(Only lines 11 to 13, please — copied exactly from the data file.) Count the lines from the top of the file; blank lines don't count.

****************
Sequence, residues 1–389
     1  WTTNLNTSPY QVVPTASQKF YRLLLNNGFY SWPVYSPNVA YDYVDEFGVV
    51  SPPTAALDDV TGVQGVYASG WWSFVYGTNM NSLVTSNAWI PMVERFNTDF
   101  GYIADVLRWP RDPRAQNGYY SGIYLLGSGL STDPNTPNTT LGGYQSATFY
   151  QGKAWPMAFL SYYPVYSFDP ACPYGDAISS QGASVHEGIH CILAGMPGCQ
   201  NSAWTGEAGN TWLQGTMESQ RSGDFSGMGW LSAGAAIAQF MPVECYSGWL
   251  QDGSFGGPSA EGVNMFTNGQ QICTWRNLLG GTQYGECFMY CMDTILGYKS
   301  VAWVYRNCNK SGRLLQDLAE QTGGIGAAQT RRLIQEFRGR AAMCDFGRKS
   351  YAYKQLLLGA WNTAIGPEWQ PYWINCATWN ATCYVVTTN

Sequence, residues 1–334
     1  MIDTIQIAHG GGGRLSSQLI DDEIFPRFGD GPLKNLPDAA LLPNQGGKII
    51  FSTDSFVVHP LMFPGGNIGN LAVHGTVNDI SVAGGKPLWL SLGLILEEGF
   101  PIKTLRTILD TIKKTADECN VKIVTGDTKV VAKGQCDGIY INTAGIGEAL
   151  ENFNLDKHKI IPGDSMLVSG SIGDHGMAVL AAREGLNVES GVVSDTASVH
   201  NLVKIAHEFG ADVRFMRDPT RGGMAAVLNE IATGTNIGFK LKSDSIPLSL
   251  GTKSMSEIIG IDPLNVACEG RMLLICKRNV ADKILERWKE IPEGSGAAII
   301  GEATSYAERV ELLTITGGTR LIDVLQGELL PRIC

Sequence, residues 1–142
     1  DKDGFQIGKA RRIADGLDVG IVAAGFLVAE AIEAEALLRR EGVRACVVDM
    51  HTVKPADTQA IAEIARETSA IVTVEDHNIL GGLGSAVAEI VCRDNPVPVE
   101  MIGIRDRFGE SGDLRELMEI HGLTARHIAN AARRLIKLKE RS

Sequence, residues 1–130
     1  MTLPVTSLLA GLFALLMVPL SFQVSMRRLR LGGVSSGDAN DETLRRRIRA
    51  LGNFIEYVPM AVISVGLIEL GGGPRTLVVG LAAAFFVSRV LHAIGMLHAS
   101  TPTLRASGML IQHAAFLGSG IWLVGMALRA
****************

     1  MIDTIQIAHG GGGRLSSQLI DDEIFPRFGD GPLKNLPDAA LLPNQGGKII
    51  FSTDSFVVHP LMFPGGNIGN LAVHGTVNDI SVAGGKPLWL SLGLILEEGF
   101  PIKTLRTILD TIKKTADECN VKIVTGDTKV VAKGQCDGIY INTAGIGEAL